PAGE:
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An excerpt from archives copyright 2000 - 2016

Origins Available: English, Swiss

Habel is one of the names carried to England in the great wave of migration from Normandy following the Norman Conquest in 1066. It is based on the given name Hevel, which means evanescence. It is also possibly derived from an Old German word which means noble one. The surname Habel was also a baptismal name meaning the son of Abel, and became a popular 13th century name meaning son.


The surname Habel was first found in the counties of Kent, Derbyshire and Essex. "Abell was also an Essex family, although branches spread into the counties of Kent and Derby." [1]CITATION[CLOSE]
Burke, John Bernard, The Roll of Battle Abbey. London: Edward Churton, 26, Holles Street, 1848, Print.

Spelling variations in names were a common occurrence in the eras before English spelling was standardized a few hundred years ago. In the Middle Ages, even the literate regularly changed the spellings of their names as the English language incorporated elements of French, Latin, and other European languages. Many variations of the name Habel have been found, including Abell, Abel, Able, Habel, Abeel, Abelson, Abelle, Abele, Ablson, Ebelson, Abill, Abilson, Aball, Abeal, Eblson and many more.


This web page shows only a small excerpt of our Habel research. Another 155 words (11 lines of text) covering the years 1540, 1578, 1675, 1584, 1655, 1667 and 1711 are included under the topic Early Habel History in all our PDF Extended History products and printed products wherever possible.


Outstanding amongst the family at this time was John Abel, the celebrated Scottish singer during the reign of King Charles II; John Abel (1578-1675), an English carpenter and mason, "King's Carpenter", born in Sarnesfield, Herefordshire; William Abell ( ca. 1584-1655), an English vintner who became Master of the...

Another 46 words (3 lines of text) are included under the topic Early Habel Notables in all our PDF Extended History products and printed products wherever possible.


For many English families, the social climate in England was oppressive and lacked opportunity for change. For such families, the shores of Ireland, Australia, and the New World beckoned. They left their homeland at great expense in ships that were overcrowded and full of disease. Many arrived after the long voyage sick, starving, and without a penny. But even those were greeted with greater opportunity than they could have experienced back home. Numerous English settlers who arrived in the United States and Canada at this time went on to make important contributions to the developing cultures of those countries. Many of those families went on to make significant contributions to the rapidly developing colonies in which they settled. Early North American records indicate many people bearing the name Habel were among those contributors:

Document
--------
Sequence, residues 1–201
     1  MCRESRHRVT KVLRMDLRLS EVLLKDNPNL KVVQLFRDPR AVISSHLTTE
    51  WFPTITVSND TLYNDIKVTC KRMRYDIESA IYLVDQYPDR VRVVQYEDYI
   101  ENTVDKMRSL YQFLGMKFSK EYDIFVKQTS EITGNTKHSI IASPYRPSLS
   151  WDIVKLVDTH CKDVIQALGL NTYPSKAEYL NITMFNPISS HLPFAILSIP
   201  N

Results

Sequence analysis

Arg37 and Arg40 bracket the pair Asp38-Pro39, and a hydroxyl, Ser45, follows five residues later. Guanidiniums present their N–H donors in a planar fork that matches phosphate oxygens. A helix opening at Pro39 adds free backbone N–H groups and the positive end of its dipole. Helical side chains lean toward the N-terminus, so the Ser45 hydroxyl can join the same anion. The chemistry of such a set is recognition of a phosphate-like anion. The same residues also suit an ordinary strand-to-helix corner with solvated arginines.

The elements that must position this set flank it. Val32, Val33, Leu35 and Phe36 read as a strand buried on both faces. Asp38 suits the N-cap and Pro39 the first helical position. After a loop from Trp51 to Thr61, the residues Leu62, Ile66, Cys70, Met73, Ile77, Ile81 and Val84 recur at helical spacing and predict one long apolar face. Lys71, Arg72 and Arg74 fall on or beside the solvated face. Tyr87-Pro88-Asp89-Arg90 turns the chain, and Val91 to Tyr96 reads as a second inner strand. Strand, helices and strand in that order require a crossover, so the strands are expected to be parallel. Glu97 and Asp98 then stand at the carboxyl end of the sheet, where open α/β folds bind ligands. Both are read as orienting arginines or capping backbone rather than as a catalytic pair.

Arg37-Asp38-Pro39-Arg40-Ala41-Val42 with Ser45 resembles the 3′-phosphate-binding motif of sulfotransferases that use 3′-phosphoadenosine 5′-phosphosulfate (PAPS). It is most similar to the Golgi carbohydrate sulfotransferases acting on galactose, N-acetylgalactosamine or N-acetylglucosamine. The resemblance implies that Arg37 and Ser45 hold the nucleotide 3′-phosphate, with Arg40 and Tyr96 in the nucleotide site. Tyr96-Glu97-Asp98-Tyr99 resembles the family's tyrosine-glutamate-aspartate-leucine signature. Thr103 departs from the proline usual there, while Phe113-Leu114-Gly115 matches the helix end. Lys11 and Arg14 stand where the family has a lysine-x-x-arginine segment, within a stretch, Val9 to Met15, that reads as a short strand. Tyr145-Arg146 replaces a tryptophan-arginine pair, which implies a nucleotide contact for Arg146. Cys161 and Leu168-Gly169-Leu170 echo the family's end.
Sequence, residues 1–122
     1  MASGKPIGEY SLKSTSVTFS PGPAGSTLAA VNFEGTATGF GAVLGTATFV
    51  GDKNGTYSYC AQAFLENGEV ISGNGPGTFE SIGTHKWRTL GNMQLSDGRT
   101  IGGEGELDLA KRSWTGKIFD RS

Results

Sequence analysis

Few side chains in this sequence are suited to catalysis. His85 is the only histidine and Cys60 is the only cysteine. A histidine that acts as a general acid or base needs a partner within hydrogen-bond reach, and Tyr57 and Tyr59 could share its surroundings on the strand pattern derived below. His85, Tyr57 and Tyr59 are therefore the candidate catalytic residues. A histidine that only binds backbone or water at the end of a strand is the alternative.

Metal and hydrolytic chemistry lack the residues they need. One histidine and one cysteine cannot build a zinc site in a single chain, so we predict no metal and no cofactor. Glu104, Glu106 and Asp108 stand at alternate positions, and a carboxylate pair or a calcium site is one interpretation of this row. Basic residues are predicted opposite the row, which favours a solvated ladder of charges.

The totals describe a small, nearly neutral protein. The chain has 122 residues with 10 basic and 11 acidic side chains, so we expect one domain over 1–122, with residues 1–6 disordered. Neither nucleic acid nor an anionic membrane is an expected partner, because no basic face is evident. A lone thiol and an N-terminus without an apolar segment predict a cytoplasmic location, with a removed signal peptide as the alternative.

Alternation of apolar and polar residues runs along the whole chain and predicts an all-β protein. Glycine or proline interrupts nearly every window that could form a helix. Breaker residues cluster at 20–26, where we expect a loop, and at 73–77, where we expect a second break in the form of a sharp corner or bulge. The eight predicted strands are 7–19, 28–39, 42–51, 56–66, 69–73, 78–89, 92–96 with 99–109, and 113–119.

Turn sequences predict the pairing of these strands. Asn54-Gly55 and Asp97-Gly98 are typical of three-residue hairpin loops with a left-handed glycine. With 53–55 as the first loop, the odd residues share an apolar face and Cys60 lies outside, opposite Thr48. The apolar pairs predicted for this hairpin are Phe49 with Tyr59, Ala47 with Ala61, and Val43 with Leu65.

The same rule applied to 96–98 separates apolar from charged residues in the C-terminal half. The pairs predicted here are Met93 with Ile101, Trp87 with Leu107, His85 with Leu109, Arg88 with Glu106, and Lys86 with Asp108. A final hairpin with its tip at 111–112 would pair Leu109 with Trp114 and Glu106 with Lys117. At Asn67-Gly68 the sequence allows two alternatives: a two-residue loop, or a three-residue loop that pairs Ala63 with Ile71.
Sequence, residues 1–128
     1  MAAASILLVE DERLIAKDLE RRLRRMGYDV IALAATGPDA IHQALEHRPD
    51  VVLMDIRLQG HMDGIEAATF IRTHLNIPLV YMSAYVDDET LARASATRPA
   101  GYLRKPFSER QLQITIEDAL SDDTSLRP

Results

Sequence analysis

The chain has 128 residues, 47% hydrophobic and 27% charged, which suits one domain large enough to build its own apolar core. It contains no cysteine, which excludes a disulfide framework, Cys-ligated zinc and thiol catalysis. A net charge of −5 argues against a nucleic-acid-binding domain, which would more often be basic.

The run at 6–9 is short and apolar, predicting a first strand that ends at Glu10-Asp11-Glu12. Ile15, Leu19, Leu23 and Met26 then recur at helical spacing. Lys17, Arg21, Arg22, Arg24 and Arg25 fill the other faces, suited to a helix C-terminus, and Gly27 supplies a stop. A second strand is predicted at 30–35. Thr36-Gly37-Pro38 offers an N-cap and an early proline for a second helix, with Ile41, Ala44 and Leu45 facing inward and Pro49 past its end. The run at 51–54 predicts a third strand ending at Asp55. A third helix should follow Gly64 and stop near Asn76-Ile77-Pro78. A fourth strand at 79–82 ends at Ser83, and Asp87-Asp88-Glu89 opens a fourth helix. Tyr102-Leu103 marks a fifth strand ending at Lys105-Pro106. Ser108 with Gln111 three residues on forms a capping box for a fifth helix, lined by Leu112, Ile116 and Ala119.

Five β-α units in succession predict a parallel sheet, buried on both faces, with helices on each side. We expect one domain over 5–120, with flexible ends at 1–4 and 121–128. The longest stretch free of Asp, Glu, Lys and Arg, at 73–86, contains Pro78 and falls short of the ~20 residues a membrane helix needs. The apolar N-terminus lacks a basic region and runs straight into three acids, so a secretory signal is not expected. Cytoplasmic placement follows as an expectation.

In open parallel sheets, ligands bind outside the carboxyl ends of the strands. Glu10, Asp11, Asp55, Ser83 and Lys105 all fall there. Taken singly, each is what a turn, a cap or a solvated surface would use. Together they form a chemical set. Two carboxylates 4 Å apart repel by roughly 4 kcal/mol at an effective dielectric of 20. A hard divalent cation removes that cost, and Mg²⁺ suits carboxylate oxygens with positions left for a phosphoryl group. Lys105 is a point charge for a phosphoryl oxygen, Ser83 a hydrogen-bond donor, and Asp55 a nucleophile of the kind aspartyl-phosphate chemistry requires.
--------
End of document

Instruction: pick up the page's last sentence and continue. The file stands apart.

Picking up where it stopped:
Habel Settlers in United States in the 18th Century

  • Geo Habel, who landed in Pennsylvania in 1774
  • Fredrick Habel, who arrived in Pennsylvania in 1796

Habel Settlers in United States in the 19th Century

  • Anna Maria Habel, who arrived in North America in 1860
  • Joh Habel, who arrived in America in 1865
  • Frederick Habel, who landed in Allegany (Allegheny) County, Pennsylvania in 1870

  • Sarah Evelyn Habel (b. 1982), American actress, best known for her role as Daphne Glover in the TV series Underemployed
  • Joseph-Alphonse-Anaclet Habel (1895-1979), Canadian politician, Member of the Canadian Parliament for Cochrane (1953-1968), Chief Opposition Whip (1958-1964)

The motto was originally a war cry or slogan. Mottoes first began to be shown with arms in the 14th and 15th centuries, but were not in general use until the 17th century. Thus the oldest coats of arms generally do not include a motto. Mottoes seldom form part of the grant of arms: Under most heraldic authorities, a motto is an optional component of the coat of arms, and can be added to or changed at will; many families have chosen not to display a motto.

Motto: Vive le Roi
Motto Translation: Long life to the King.


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  1. ^ Burke, John Bernard, The Roll of Battle Abbey. London: Edward Churton, 26, Holles Street, 1848, Print.

Other References

  1. Innes, Thomas and Learney. The Tartans of the Clans and Families of Scotland 1st Edition. Edinburgh: W & A. K. Johnston Limited, 1938. Print.
  2. Colletta, John P. They Came In Ships. Salt Lake City: Ancestry, 1993. Print.
  3. Leeson, Francis L. Dictionary of British Peerages. Baltimore: Genealogical Publishing, 1986. Print. (ISBN 0-8063-1121-5).
  4. Elster, Robert J. International Who's Who. London: Europa/Routledge. Print.
  5. Hitching, F.K and S. Hitching. References to English Surnames in 1601-1602. Walton On Thames: 1910. Print. (ISBN 0-8063-0181-3).
  6. Bardsley, C.W. A Dictionary of English and Welsh Surnames: With Special American Instances. Wiltshire: Heraldry Today, 1901. Print. (ISBN 0-900455-44-6).
  7. Robb H. Amanda and Andrew Chesler. Encyclopedia of American Family Names. New York: Haper Collins, 1995. Print. (ISBN 0-06-270075-8).
  8. Reaney P.H and R.M. Wilson. A Dictionary of English Surnames. London: Routledge, 1991. Print. (ISBN 0-415-05737-X).
  9. Mills, A.D. Dictionary of English Place-Names. Oxford: Oxford University Press, 1991. Print. (ISBN 0-19-869156-4).
  10. Zieber, Eugene. Heraldry in America. Philadelphia: Genealogical Publishing Co. Print.
  11. ...

The Habel Family Crest was acquired from the archives. The Habel Family Crest was drawn according to heraldic standards based on published blazons. We generally include the oldest published family crest once associated with each surname.

This page was last modified on 4 August 2016 at 07:45.

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